When modern societies and their organizations address complex problems, they aspire to do so rationally. We rely on experts and specialists for advice, wisdom, and approval of the approaches we adopt. We do this in every field, including software user interface design, urban planning, the safety and effectiveness of drugs and medical procedures, and more. Or at least, we believe we do. But belief and reality differ from each other, sometimes dramatically, in part because of a phenomenon that has come to be known as myside bias.
Myside bias in brief
It's fair to say that researchers are still working out a consensus view of what myside bias is. Some regard it as interchangeable with confirmation bias [Nickerson 1998]; others hold that it's a type of confirmation bias; still others regard myside bias and confirmation bias as distinct.
As Wolfe puts it, "Although some authors use the terms interchangeably, confirmation bias typically refers to a biased search for or weighing of evidence, whereas myside bias refers to biases in generating reasons or arguments." [Wolfe 2011] That is, confirmation bias appears in the gathering and weighing of evidence, while myside bias appears in the way we use evidence in reasoned arguments. It is this view that I favor. Myside bias is our tendency to overlook or even dismiss flaws in our own rational arguments that we easily notice in the arguments of others.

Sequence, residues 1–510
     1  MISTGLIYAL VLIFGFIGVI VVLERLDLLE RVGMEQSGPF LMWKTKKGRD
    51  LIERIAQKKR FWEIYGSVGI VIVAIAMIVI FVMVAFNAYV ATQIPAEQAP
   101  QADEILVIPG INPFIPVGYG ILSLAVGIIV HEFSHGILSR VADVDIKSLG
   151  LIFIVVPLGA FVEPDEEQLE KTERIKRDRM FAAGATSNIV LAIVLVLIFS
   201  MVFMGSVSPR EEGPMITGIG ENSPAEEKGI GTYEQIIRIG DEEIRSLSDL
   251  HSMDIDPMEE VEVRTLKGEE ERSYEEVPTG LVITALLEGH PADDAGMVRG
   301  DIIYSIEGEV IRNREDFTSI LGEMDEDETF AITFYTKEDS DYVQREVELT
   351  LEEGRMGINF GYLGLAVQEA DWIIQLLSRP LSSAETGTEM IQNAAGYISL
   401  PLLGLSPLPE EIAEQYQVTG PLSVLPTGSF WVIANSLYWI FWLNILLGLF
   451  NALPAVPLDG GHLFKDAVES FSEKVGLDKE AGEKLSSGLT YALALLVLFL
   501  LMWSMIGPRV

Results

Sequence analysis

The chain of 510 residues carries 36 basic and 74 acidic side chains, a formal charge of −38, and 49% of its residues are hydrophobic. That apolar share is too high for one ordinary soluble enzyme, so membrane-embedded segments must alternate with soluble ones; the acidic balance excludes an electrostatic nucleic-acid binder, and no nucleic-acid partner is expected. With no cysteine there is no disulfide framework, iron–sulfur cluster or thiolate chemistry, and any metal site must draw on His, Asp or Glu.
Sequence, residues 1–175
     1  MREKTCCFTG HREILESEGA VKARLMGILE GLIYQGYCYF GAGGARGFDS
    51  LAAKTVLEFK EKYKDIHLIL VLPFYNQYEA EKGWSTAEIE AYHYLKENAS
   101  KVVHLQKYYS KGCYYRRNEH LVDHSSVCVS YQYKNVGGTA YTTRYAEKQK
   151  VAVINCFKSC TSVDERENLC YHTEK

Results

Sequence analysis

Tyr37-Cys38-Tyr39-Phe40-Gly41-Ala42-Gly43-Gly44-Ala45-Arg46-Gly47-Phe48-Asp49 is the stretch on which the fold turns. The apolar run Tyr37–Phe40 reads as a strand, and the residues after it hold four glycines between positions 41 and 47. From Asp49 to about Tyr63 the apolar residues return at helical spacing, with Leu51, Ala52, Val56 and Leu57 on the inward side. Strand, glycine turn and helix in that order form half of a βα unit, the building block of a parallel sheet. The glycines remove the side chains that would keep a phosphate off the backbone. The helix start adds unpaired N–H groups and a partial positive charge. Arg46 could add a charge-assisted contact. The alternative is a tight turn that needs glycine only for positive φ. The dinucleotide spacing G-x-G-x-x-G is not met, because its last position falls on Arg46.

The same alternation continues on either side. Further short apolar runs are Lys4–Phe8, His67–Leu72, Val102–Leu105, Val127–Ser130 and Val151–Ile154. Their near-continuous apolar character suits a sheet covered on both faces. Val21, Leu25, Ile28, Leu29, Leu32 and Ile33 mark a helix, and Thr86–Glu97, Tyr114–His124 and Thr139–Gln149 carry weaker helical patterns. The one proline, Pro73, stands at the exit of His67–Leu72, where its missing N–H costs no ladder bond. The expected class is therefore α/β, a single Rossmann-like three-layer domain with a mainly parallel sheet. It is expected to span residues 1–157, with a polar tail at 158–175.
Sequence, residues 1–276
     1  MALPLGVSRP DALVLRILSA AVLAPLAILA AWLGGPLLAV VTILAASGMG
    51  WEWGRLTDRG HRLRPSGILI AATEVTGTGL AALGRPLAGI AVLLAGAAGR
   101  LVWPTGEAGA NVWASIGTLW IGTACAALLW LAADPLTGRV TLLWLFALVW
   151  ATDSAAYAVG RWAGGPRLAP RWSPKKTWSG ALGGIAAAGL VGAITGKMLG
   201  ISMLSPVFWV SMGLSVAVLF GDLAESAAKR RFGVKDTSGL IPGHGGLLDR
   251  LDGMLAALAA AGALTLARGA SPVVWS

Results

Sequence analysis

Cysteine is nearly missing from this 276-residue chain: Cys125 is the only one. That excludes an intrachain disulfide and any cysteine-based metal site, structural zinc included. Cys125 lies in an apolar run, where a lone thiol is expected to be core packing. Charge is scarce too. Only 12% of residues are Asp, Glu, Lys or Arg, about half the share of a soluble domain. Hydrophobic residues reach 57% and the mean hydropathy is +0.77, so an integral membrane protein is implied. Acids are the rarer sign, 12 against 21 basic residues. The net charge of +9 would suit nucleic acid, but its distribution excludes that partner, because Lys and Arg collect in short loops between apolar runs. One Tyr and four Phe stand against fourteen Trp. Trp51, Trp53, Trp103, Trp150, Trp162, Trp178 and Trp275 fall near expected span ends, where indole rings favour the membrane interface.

The effects of myside bias
Along Myside bias is our tendency to overlook
or even dismiss flaws in our own rational
arguments that we easily notice
in the arguments of othersthe spectrum of the effects of myside bias, at the less-damaging end, we find the skepticism with which we treat the rational arguments of domain experts. At the more damaging end of that spectrum is our tendency to reject outright experts' recommendations. We might even relieve them of their positions and authority, or strip them of their credentials and certifications, or treat them with such disdain or disrespect that they voluntarily withdraw from the debate, or even resign their positions.
Myside bias is probably more likely to occur when the rational argument in question leads to conclusions different from our preconceptions. But "more likely" is the operative phrase. Myside bias can occur whether or not the conclusions of the argument in question align with our preferred positions, because it serves as a debate-rigging device. It helps us win arguments, whether we're on the "right" side or not.
It's probably for this reason that "red teams" are so effective in cyberdefense, business plan evaluation, military planning, and intelligence analysis. Red teaming might be providing a check on myside bias. And the scientific method, too, could be providing a check on myside bias through its requirement that independent researchers replicate results before the community grants acceptance. [Kolbert 2017]
In my own view, the term myside bias connotes binary polarity. That is, it suggests that there are only two sides: mine and not-mine. In actual interactions, though, we often find multiple sides, factions, alliances, schools of thought, or political parties. I wish we had settled on the term my-school bias, but oh well. Myside bias applies in any case: we tend to be better at noticing the shortcomings of the arguments others use than we are at noticing the shortcomings in the arguments we use for our own positions. Top Next Issue
Is every other day a tense, anxious, angry misery as you watch people around you, who couldn't even think their way through a game of Jacks, win at workplace politics and steal the credit and glory for just about everyone's best work including yours? Read 303 Secrets of Workplace Politics, filled with tips and techniques for succeeding in workplace politics. More info